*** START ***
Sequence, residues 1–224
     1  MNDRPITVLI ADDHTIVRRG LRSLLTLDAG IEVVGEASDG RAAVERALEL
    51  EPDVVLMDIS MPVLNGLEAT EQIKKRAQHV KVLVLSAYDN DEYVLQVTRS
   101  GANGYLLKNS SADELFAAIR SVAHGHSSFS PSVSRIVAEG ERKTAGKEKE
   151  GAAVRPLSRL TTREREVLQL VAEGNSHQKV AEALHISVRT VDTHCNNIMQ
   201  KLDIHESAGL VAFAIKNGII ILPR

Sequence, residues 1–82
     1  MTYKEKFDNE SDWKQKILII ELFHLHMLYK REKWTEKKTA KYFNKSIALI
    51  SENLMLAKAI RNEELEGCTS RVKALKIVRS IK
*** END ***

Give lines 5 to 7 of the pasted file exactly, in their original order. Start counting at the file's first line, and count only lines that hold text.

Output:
   151  GAAVRPLSRL TTREREVLQL VAEGNSHQKV AEALHISVRT VDTHCNNIMQ
   201  KLDIHESAGL VAFAIKNGII ILPR

Sequence, residues 1–82